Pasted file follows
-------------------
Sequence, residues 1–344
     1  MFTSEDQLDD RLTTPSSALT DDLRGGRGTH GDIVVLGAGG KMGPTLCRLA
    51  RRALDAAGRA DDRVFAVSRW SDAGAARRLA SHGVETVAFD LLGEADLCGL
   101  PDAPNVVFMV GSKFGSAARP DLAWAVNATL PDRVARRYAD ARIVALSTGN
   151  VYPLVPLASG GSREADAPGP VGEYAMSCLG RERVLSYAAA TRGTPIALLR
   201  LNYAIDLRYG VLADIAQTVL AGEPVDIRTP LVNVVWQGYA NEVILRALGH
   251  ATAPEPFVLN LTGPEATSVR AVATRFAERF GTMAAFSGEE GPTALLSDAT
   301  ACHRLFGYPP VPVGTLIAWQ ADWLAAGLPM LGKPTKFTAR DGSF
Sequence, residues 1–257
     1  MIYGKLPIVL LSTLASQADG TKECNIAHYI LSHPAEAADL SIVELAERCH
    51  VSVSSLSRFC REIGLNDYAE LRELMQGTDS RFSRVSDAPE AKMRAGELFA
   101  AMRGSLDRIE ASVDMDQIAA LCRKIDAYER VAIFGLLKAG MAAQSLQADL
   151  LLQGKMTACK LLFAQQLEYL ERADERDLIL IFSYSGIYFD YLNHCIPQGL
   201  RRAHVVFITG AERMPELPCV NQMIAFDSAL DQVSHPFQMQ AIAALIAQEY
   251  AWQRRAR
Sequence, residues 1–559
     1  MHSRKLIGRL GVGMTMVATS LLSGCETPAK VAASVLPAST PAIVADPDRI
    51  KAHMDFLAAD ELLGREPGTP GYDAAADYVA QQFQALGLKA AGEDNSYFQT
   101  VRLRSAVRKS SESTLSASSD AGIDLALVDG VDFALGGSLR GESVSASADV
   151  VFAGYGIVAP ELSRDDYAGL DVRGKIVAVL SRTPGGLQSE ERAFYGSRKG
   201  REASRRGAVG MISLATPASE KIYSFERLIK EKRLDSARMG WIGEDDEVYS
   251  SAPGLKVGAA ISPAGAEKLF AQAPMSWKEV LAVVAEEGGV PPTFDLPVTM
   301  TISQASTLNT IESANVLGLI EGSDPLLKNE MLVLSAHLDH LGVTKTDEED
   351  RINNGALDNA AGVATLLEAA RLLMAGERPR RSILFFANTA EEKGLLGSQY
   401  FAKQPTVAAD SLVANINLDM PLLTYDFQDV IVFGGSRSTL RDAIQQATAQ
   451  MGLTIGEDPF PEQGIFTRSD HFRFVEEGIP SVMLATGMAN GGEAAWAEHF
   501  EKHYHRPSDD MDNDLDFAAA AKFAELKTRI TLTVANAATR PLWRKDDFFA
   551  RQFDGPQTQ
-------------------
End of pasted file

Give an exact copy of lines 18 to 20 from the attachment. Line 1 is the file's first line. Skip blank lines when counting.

    51  KAHMDFLAAD ELLGREPGTP GYDAAADYVA QQFQALGLKA AGEDNSYFQT
   101  VRLRSAVRKS SESTLSASSD AGIDLALVDG VDFALGGSLR GESVSASADV
   151  VFAGYGIVAP ELSRDDYAGL DVRGKIVAVL SRTPGGLQSE ERAFYGSRKG